The PNG 2D VTuber (The simplest way to be a 2D VTuber)

This is not the first way I discovered how to make and puppet your own 2D VTuber Avatar but it's so easy to set up using Cartoon Animator and the completely free PNG Avatar VTuber software, Veadotube Mini.

Unlike most VTuber software this one does not use a webcam or motion capture at all. Instead it works based on the sound from your microphone. In essence it's a flipbook style software that switches between four states of your PNG Avatar... 1. Eyes open, mouth closed, 2. Eyes open, mouth open, 3. Eyes closed, mouth closed, 4. Eyes closed, mouth open. This doesn't sound like much but it's enough to create very rudimentary lip syncing with random eye blinks at any time.

Creating my PNG images in Cartoon Animator for use in Veadotube mini shown in the lower right.
By setting up the maximum image size of 2048 pixels square in Cartoon Animator it's easy to create all the transparent PNG images you need to make a PNG VTuber Avatar in Veadotube Mini (shown lower right). All you need is a microphone.

In addition to that you have three different movement states you can apply depending upon what mouth state is being displayed.

For even more flexibility you can add different states of these images and movement, that you can switch with your assigned hot keys. For example I made a second state of my character talking excitedly with slightly wider eyes and hands raised up in the air.

However because this software is literally flipping images you can do almost any pose or style of character you need. Side view, talking horse... whatever you can dream up. VTuber, Syafire, has a full video on how to set Veadotube Mini up in 4 easy steps.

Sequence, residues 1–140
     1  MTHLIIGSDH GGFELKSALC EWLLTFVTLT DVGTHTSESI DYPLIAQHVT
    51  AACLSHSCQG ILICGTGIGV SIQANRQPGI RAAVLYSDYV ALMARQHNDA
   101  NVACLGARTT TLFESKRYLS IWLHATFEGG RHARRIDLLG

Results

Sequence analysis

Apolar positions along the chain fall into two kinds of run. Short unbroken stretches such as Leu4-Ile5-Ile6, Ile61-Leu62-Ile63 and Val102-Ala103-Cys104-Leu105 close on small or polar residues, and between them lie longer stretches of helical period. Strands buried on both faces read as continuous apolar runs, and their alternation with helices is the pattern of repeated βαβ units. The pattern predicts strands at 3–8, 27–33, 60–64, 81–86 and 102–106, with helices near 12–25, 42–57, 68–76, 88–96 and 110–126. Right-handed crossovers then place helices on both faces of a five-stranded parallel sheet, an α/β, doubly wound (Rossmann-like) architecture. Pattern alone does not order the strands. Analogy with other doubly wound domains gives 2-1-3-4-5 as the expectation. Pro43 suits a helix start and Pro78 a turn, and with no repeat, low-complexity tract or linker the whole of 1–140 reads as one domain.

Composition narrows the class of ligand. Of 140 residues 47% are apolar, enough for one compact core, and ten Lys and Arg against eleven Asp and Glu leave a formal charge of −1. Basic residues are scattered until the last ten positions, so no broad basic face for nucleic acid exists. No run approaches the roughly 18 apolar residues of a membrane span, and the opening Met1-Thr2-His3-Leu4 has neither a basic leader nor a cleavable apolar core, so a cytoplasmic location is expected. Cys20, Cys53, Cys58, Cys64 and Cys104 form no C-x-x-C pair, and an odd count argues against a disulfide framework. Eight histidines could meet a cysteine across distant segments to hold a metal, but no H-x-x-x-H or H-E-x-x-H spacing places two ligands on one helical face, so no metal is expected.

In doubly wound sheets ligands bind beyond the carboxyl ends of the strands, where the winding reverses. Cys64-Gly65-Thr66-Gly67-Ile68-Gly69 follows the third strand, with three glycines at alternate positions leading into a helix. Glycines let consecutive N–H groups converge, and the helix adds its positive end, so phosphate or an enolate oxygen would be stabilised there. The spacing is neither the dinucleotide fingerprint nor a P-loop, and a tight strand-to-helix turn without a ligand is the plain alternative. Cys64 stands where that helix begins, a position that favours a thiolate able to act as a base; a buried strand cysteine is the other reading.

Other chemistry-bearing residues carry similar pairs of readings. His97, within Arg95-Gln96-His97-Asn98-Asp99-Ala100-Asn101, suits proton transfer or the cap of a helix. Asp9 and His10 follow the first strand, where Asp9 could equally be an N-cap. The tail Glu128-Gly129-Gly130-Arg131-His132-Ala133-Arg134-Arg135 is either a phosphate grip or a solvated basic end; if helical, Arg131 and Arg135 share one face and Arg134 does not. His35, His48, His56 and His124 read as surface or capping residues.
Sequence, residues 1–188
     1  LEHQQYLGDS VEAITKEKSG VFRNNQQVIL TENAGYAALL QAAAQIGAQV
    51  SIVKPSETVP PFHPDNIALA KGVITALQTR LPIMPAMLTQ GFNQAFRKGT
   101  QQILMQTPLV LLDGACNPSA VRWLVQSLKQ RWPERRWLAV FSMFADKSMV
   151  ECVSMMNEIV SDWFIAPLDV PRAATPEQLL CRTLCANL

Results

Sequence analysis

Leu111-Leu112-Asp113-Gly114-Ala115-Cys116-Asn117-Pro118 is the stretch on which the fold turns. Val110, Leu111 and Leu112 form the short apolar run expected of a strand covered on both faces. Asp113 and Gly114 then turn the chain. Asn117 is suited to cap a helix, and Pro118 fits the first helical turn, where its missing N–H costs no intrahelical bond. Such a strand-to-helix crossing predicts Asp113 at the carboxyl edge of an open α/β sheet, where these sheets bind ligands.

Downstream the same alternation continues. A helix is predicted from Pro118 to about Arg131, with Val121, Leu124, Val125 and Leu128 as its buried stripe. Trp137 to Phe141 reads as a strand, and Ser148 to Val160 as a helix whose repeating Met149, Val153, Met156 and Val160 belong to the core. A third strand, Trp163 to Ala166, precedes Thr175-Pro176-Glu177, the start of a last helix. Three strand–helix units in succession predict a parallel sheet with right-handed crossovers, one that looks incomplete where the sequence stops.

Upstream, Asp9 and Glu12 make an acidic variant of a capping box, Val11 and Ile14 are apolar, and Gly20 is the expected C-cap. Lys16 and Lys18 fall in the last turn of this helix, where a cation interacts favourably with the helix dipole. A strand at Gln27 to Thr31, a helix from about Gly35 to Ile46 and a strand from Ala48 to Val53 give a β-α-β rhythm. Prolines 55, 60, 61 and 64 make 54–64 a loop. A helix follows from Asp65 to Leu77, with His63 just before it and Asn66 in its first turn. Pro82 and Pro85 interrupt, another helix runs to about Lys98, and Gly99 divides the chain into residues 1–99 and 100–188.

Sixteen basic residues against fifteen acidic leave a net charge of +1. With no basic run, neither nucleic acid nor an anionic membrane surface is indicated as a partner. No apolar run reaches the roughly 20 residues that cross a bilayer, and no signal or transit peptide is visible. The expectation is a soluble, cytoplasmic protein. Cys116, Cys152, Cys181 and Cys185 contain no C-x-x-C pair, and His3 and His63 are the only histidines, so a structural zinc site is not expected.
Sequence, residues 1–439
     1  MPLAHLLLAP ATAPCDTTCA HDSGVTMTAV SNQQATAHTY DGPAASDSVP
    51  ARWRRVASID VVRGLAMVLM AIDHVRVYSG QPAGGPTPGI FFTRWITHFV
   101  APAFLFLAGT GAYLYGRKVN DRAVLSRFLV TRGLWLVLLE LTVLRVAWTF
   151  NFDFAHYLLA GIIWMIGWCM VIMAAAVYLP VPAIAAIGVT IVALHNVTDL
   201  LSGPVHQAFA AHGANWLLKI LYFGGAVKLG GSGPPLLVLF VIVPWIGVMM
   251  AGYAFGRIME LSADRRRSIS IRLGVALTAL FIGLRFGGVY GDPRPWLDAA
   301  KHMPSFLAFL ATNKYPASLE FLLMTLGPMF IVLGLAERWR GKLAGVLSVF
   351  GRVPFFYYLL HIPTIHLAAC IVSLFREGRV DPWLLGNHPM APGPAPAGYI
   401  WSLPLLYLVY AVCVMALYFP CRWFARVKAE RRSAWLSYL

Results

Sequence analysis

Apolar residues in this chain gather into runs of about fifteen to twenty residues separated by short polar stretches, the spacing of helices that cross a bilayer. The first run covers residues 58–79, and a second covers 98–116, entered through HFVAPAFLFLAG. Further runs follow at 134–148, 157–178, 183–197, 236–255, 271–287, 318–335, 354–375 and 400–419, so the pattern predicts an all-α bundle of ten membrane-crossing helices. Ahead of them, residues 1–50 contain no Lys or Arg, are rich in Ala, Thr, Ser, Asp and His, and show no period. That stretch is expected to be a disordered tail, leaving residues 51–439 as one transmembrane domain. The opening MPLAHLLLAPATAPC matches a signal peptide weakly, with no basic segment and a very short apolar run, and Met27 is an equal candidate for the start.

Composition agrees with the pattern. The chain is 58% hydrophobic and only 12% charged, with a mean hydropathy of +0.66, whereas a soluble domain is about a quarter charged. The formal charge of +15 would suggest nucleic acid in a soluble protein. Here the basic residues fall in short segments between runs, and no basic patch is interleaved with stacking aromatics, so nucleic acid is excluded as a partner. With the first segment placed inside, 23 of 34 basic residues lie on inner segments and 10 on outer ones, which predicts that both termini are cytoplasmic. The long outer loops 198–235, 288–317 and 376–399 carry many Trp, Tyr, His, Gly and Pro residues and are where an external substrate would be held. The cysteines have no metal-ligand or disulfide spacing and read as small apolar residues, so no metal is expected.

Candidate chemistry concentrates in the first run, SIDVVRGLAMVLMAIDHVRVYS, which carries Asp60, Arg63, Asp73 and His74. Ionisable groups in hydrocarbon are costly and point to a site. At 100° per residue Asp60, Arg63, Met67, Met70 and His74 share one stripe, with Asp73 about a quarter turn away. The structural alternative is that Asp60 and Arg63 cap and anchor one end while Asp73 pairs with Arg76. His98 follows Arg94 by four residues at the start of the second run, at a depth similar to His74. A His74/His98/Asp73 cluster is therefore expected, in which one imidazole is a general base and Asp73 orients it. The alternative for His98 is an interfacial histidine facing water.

Also worth mentioning... If you like this style of VTuber Avatar there is a low cost, paid software called Honk that is worth checking out. It's a little more complex, supporting layered characters that allows  better lip sync capabilities.

Advanced 2D VTuber Avatar Creation

Once you start looking into creating a more advanced 2D Avatar with the ability to add facial expressions, head turning, physics and more, you may start thinking being a PNG VTuber is a great compromise (or maybe you'll just stick with a VRoid Avatar - the easiest option of all).

Live 2D Cubism Editor

Finding a free or low cost 2D avatar character rigging application is not easy. There seems to be only one name in town, Live2D Cubism. On the plus side they'll give you a 42 day full feature trial of their VTuber rigging software, which is enough time to learn the process. I'm told it's simple once you know how but, at first glance, it's overwhelming.

Live 2D Cubism VTuber Rigging Software with my TET Avatar being rigged.
The early stages of my attempt to rig my character with Live 2D Cubism. I imported the same mouth and eye sprites I used for the character in Cartoon Animator but these may not be usable as Live 2D uses deform tools to create most facial movement and expression.

Preparing your avatar for rigging is a relatively simple case of separating all the sprites into individual parts in a .PSD file with no group folders. Everything is placed in layer order from top to bottom.

While I tried to rig my TET avatar in Live 2D Cubism I wasn't able to learn it quick enough to demonstrate it here. Even with the many YouTube tutorials I was overwhelmed - and my avatar isn't nearly as complex as some of the Anime avatars many VTubers create themselves and use.

Inochi2D VTuber Rigging Editor

I was able to find a free, opensource 2D Vtuber rigging software called Inochi2D Creator. Unfortunately it's a completely new VTuber avatar format that only works with their Inochi2D Sessions puppeteering software. However it can import the same .PSD files you would use for Live2D Cubism as a starting point.

Inochi2D Creator User Interface with my TET Avatar.